Unlike the air we breathe or the water we drink, soil is often overlooked as an essential element in a balanced, sustainable environment. But healthy soil is critical for good air and water quality and the health of our lawns and gardens. In the Pacific Northwest, the top layer of soil is thin. And in many yards, construction and years of neglect have removed any trace of healthy soil, leaving only poor soil behind. Learn how you can improve your soil and how composting can restore soil to make plants grow and yards healthy.
Compost is a natural organic material that is produced when leaves, plant residue, grass clippings and other yard waste break down over time. Learn how to use compost.
Organic materials decompose in nature to feed soil and make it healthy. You can imitate nature in your own yard by composting your yard waste and kitchen waste. Compost is used as a soil amendment rather than a fertilizer because its nutrients become available slowly. Worm castings, is a nutrient rich top dressing and soil amendment, which provide nutrients for your plants in a form the plants can use as needed. Apply two to three inches of worm castings to your soil as a top dressing in small areas of your garden to feed the plants and nurture their growth.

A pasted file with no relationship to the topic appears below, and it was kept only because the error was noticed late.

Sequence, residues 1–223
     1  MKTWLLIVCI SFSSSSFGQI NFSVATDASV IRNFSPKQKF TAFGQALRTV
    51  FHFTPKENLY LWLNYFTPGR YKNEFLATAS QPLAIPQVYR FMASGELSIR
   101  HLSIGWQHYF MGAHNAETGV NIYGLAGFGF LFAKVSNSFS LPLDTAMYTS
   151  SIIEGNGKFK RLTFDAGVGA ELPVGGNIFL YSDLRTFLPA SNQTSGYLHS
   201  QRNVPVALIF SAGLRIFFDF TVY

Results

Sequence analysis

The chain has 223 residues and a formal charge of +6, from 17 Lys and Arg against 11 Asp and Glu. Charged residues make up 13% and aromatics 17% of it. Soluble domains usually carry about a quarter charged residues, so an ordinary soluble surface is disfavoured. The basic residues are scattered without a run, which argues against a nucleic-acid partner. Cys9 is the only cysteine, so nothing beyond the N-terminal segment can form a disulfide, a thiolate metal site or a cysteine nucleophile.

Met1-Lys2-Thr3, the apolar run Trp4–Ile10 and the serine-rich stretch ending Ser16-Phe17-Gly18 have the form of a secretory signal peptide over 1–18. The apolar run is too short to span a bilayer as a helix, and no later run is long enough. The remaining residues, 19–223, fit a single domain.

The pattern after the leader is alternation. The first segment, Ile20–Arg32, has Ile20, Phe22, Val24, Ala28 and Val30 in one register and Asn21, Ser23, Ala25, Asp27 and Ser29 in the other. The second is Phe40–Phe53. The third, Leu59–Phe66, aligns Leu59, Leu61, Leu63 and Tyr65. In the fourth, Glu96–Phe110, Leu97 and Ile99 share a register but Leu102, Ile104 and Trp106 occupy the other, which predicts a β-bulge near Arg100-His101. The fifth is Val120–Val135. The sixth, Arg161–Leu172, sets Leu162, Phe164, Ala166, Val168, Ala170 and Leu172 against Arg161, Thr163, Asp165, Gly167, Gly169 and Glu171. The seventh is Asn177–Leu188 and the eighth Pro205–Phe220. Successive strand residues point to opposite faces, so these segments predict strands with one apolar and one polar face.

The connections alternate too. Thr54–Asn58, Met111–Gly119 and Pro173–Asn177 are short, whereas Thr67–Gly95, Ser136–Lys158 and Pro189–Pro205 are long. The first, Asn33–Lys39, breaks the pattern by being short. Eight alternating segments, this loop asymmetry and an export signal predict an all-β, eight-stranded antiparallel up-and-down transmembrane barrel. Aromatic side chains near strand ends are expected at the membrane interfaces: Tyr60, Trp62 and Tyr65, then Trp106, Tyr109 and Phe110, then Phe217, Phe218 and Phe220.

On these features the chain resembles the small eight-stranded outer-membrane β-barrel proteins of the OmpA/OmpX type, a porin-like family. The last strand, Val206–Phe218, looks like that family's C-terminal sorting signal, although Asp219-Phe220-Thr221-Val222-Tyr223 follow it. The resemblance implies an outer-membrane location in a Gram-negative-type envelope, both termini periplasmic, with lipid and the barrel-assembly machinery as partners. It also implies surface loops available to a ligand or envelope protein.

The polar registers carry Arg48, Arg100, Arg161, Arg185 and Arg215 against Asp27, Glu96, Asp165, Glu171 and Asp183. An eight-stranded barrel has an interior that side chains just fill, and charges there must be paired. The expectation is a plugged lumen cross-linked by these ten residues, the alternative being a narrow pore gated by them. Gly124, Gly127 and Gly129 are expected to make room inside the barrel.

You can buy compost and worm castings or make your own. Buy bagged compost and worm castings at local home improvement, nursery and garden stores.
Benefits of Composting
How and where should you use compost?
Mix in organic matter with existing soil before planting perennials or lawns, each time garden beds are replanted and when dividing perennials or repotting container plants. Sandy soils need more compost than do clay soils.
How much compost should you use?
Amounts vary for compost use, and it is possible to use too much. Below are some general guidelines based on 100 square feet of planting area. Check with your local nursery for specific directions.
For very poor, unhealthy lawns, you may want to consider starting over. For a list of local laboratories that can test the amount of sand, silt and clay in your soil, call the Washington State University/King County Extension at 206-205-3100.
Updated: Mar. 4, 2014